Samira MakhmalbafBehnaz JafariBahman GhobadiHassan Mohamadi
Medium: film
Year: 2000
Director: Samira Makhmalbaf
Writer: Samira Makhmalbaf, Mohsen Makhmalbaf, Zaheer Qureshi
Keywords: favourite
Language: Kurdish
Country: Iran
Actor: Said Mohamadi, Behnaz Jafari, Bahman Ghobadi, Mohamad Karim Rahmati, Rafat Moradi, Mayas Rostami, Saman Akbari, Ahmad Bahrami, Mohamad Moradi, Karim Moradi, Hassan Mohamadi, Rasool Mohamadi, Somaye Veisee
Format: 85 minutes
Website category: Asian
Review date: 14 March 2011
It's amazing. Admittedly that's not a judgement based on normal filmmaking standards, which in a sense don't apply even though this won six film festival awards... but it had me spellbound. It's so alien! If you're interested in broadening your mind with foreign movies, they don't get much more foreign than this.
It's Iranian, about Kurdish refugees in the desert. They're just wandering. They were at Halabja when Saddam Hussein used his chemical weapons there during the Iran-Iraq war. The title is a reference to the blackboards being carried by our protagonists, who are itinerant teachers, trying to scratch out a living among their dirt-poor illiterate fellow travellers. This is nearly impossible. Hardly anyone can read or write and even those who can are unlikely to admit to it, because they've been told not to trust strangers. Furthermore, almost no one they meet even wants lessons. Think about it. You're a goat herder in a wilderness. You're so poor that your currency is liable to be bread crusts and walnuts instead of money, you're shot at by soldiers on a daily basis and you're living in a landscape where almost nothing grows.
In other words, this isn't anything I'd recognise as civilisation. That's no reflection on the people themselves, who are as intelligent as any other group of human beings, but they're existing at a subsistence level in which all effort has to go on staying alive. Occasionally one of them will own something high-tech, such the child with a pair of binoculars, but otherwise it's hard to imagine life in the Middle East having been much different thousands of years ago. Well, apart from the bullets and landmines.
That's extreme. Just being with these people is an experience, but what really took me into the Twilight Zone were the teachers themselves. The first thing we see is nine or ten figures in the desert with blackboards on their backs. It's surreal. You'd think they were aliens! It's such a strange silhouette, turning them either into tortoises or big, rectangular birds. It also changes their behaviour and body language, so a teacher saying goodbye to another teacher will do so in a peculiar fashion, or alternatively a group of teachers being shot at will run away and all hide together under their blackboards. That's immediately startling, but just as freaky throughout the film is the sight of these teachers trying to teach. "Would you like to be able to read and write?" "No." "Why not?" "It's useless." They keep plugging away at their lost cause and you wonder how long it'll be before they starve to death. A few days, probably. Frankly, they'd do anything. Teaching is their trade, but they'd tap dance barefoot across hot coals if there were a handful of walnuts in it for them.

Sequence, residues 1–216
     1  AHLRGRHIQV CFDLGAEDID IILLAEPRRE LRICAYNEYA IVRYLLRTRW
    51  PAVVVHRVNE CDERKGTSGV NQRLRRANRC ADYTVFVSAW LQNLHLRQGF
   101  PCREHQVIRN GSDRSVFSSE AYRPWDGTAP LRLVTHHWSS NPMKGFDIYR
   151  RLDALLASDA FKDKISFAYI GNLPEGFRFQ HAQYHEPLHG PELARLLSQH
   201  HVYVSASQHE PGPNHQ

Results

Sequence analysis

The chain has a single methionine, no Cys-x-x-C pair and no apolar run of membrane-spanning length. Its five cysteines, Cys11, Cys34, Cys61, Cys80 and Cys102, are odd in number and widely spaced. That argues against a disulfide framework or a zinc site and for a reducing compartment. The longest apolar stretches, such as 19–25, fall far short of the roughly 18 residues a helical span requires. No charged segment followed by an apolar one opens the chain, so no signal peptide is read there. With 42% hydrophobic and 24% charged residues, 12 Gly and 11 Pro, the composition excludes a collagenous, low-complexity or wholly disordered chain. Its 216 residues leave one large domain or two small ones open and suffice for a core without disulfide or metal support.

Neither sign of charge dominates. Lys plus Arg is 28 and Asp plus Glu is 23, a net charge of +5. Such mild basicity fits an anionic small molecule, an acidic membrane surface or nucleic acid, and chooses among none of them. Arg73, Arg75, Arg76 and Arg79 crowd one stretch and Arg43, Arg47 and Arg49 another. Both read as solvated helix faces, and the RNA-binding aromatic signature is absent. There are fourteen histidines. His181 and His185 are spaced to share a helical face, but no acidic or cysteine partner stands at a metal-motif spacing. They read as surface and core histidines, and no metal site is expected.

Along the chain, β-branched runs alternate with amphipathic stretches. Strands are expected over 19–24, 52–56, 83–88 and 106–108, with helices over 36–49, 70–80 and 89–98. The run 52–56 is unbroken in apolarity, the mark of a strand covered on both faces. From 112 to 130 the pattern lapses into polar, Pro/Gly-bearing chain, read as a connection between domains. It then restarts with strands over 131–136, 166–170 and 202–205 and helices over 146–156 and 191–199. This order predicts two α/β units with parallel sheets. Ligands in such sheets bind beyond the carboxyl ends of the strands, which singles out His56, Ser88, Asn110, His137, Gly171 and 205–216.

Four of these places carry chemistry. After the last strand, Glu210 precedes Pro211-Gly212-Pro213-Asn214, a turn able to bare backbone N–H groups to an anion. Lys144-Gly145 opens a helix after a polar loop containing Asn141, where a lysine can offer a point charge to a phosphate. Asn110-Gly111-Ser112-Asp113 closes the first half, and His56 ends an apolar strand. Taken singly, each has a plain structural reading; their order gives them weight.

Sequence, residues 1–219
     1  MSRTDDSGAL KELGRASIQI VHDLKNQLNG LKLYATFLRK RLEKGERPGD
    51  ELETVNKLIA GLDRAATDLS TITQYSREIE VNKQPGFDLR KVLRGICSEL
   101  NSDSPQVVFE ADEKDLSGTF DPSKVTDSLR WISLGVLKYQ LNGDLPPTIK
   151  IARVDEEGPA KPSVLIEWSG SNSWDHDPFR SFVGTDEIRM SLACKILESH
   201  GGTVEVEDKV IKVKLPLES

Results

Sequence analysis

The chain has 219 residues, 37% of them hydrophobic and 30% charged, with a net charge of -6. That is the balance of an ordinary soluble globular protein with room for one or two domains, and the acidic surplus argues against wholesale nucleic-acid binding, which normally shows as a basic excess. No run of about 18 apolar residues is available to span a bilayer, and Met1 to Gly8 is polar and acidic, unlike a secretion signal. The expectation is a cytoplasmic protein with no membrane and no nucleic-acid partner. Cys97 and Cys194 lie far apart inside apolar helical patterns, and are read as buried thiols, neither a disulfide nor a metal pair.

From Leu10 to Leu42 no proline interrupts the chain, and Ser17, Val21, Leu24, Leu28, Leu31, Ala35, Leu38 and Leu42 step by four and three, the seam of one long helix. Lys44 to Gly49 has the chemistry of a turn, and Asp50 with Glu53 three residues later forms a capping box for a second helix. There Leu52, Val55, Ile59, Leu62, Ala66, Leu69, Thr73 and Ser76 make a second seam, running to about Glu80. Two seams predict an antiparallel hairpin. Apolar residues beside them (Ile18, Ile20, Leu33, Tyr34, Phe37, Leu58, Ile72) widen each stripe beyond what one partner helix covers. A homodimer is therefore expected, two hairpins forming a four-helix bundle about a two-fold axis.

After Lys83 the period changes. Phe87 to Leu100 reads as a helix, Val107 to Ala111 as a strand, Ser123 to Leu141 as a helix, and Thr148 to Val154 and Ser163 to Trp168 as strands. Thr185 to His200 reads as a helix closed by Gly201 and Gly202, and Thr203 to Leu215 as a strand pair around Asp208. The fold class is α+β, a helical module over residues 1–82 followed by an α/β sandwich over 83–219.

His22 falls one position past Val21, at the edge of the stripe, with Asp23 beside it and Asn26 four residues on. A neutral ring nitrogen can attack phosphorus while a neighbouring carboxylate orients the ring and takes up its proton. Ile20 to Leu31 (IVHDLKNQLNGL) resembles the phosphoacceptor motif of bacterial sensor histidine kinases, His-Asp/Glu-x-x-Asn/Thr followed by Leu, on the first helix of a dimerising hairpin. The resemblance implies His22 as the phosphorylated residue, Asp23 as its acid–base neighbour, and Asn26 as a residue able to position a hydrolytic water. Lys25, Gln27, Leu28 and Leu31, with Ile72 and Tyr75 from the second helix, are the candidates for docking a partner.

The film has two teacher-heroes, although for an embarrassingly long time I didn't realise this. I thought one teacher was dividing his efforts between two groups of people. It took something visible to happen to one of their blackboards, whereupon I suddenly had a visual clue to kick my brain into gear.
As for the acting, it's invisible. The film feels like a documentary, which is essential since its verisimilitude is what makes it compelling. Samira Makhmalbaf uses a lot of non-professional actors and achieves remarkable results with them.
It's worth saying a few words about Makhmalbaf. She's staggeringly young. She wrote and directed her first movie, The Apple, when she was eighteen, then took it to Cannes. It won a bunch of film festival awards, plus the British Film Institute's Sutherland Trophy. Only two years later, she made this. There's a reason, of course... her father, Mohsen Makhmalbaf, is a film director too. Samira left school at fifteen and started helping him make films instead. That helps explain how she managed to be capable of all this, but even so I'm still in awe at her achievements. You'd never believe that this was the work of a twenty-year-old. It feels stronger and more mature than that, combining a documentary tone with fiction to achieve an effect that you'd expect to be the highlight towards which other directors might dedicate their entire careers to attaining.
There are some remarkable scenes. There's one in which a teacher tries to read a letter to its anguished owner, despite the fact that neither of them even recognise which language it's written in. There's also a wedding, which had me in fits. Just try to imagine what marriage might mean to these people. You're not going to get close, but at least try.
The closing credits astonished me by saying that this is a Japanese co-production. Takeshi Kitano gets a credit. More precisely, Italian and Japanese companies helped to make this movie. Would I recommend it? Hell, yes, and backing me up are half a dozen film festival prizes from Cannes, Italy, Paris and the American Film Institute. It feels like a mind-blast of a documentary, but Makhmalbaf has said it's "something between reality and fiction. Smuggling, being homeless, and people's efforts to survive are all part of reality... the film, as a whole, is a metaphor." Overall, it's thought-provoking and impossible, because it's real. Often surreal, sometimes funny, usually appalling. Put it on your secret nuclear Christmas list.